Figure 2: A 4-layer PCB with 1oz copper for the layers increases in thickness when increasing the core dielectric.
How Thin is Too Thin For A Circuit Board?
Well, the answer to that depends on several factors that must be considered. The overall copper weight for inner layers, dielectrics to prevent noise or crosstalk, impedance values, and the stack-up total thickness.
Thinner cores are more difficult to process through equipment and handling alone can cause damage to the core. The more layers involved in the build of the part, the more cost to the PCB. As you add layers to the circuit board it is typical to decrease the core thickness and prepreg filler gaps, however, there are limitations that cannot be crossed.
When designing the PCB, consider the final application, how much room you have for the PCB, and the size of the area for the part to fit. Using 0.062” is a base thickness to start with and tweaking that thickness up or down is best. Increasing the thickness can add cost, while decreasing the thickness can increase the risk of fallout, therefore, increasing the cost.
A 2-layer thinner PCB is 0.31” thick, half the normal standard thickness of 0.062”. As you can see (Figure 3), circuitry is visible from the top side for the bottom layer. The moon figure is not only more difficult to route due to the shape, but being thinner the program must be carefully planned to maintain tolerances for the radius, form fit, and function.
Figure 3: An example of a thinner PCB at 0.31” thickness.
Advantages and Disadvantages
With thinner PCB designs come pros and cons. Some of the advantages include:
- Reduced size and weight: Thinner PCB designs reduce the overall weight of the device, making it easier to transport at a lower cost.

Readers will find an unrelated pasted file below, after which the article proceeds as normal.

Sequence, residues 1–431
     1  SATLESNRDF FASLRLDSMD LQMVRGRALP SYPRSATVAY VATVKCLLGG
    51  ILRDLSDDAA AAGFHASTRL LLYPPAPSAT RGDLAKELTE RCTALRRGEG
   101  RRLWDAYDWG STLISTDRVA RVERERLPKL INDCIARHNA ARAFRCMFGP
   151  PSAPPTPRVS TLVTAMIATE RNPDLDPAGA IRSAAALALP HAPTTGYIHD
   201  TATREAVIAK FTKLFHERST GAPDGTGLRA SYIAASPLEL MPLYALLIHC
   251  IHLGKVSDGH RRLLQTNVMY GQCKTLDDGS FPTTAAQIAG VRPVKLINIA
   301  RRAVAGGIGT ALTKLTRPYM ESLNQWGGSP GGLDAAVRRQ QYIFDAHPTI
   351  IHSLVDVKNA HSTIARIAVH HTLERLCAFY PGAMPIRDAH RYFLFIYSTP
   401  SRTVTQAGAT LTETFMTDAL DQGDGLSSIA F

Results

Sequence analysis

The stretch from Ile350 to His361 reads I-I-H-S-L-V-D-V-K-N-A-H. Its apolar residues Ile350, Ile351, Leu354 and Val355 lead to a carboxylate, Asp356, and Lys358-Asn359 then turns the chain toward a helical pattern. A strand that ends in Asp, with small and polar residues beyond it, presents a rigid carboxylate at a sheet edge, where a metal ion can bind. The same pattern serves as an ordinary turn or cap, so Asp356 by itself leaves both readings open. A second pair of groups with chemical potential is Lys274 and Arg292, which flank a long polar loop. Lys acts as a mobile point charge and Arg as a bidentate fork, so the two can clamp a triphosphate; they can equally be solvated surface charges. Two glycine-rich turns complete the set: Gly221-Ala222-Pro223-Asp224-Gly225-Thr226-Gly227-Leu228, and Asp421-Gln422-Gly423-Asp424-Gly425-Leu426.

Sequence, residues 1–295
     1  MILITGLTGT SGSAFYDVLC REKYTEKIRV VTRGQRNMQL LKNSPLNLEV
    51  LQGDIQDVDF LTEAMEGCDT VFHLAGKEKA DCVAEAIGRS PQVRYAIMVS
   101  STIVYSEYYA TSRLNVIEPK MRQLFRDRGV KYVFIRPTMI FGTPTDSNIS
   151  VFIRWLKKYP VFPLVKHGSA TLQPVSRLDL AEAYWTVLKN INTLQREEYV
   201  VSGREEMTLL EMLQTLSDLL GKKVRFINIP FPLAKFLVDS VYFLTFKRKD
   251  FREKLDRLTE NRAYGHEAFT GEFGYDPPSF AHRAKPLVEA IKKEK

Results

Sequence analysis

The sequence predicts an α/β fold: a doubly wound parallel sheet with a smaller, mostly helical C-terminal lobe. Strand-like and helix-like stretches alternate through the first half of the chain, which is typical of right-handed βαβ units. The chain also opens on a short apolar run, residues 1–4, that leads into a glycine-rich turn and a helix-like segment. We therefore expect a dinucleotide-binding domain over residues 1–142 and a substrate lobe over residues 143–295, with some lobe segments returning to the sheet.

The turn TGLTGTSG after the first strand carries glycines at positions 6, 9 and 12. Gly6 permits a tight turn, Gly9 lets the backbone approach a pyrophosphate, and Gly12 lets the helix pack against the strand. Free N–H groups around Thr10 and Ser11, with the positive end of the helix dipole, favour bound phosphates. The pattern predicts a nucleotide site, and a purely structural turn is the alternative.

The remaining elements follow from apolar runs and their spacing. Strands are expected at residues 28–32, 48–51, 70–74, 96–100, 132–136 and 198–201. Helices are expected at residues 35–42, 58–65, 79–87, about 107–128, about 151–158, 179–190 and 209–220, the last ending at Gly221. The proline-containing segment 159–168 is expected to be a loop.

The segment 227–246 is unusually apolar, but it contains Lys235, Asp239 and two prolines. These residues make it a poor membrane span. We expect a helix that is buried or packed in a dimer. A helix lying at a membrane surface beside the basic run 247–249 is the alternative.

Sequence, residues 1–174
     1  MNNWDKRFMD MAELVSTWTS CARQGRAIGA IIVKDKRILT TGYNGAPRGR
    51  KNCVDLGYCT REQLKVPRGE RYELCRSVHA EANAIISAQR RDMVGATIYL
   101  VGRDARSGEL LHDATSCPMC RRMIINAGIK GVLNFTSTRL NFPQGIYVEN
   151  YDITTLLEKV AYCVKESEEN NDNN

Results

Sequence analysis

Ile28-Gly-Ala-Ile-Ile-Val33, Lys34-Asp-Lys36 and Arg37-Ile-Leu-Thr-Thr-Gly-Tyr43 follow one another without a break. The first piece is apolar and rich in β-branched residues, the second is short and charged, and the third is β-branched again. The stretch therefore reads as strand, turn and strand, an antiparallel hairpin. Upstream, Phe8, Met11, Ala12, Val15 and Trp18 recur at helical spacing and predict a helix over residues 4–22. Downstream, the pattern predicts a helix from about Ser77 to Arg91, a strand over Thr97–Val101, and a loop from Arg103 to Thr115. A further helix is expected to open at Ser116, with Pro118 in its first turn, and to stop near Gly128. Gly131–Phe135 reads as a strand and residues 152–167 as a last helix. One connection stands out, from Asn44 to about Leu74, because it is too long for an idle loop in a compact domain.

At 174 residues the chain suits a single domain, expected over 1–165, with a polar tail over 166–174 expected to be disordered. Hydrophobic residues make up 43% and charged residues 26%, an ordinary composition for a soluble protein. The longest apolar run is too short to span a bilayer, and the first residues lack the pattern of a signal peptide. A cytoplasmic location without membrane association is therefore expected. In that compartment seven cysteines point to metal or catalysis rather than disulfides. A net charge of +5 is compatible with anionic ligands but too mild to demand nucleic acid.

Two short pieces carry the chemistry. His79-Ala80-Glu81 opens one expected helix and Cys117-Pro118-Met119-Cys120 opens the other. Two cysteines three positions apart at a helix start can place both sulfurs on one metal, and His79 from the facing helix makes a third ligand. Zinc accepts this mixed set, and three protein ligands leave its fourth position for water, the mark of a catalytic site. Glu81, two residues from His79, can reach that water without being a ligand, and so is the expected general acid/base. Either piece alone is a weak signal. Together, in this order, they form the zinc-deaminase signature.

- Improved circuit performance: Thinner designs allow for improved impedance controls with higher frequencies performance due to the reduced trace and layer thicknesses. This can result in shorter routing times and improved signal integrity.
On the other hand, some of the disadvantages are:
- Increased risk of damage: Thinner PCB designs are more prone to physical damage due to their reduced stiffness and strength. This can make them more vulnerable to bending, cracking, and other types of mechanical damage including manual handling in production.
- Increased risk of thermal issues: Thinner PCB designs can also be more prone to thermal issues due to their reduced thermal mass. This can lead to overheating and premature failure of components, or even the entire board.
- Increased risk of solder joint issues: Thin PCBs can also be more prone to solder joint issues due to their reduced area for soldering. This can lead to poor connections, cold solder joints, and other types of electrical issues.
- Reduced signal integrity: Thinner PCBs can also suffer from reduced signal integrity due to their reduced area for routing. This can lead to increased crosstalk and signal loss, resulting in reduced performance.
- Fragility: Thin PCBs are more fragile and can easily break or crack, especially during handling or assembly. This can lead to increased manufacturing costs and a higher rate of defective products as fabricators require additional steps to manage very thin PCBs.
Thinner PCB designs often come with advantages such as cost savings and more space for other components, but also have some drawbacks such as difficult production and handling, decreased copper weight in inner layers, and a greater risk of noise and crosstalk. Consulting with a PCB supplier or engineering staff early on in the process can help make sure you get the best possible design for your needs while avoiding any potential pitfalls.
Consulting your supplier and engineering staff for stack-up assistance can be advantageous early on to help you decide what would work best for both companies. Epec has a free online design for manufacturability (DFM) service monitored by our trained engineering team members so that they can guide you to a successful build of your PCBs.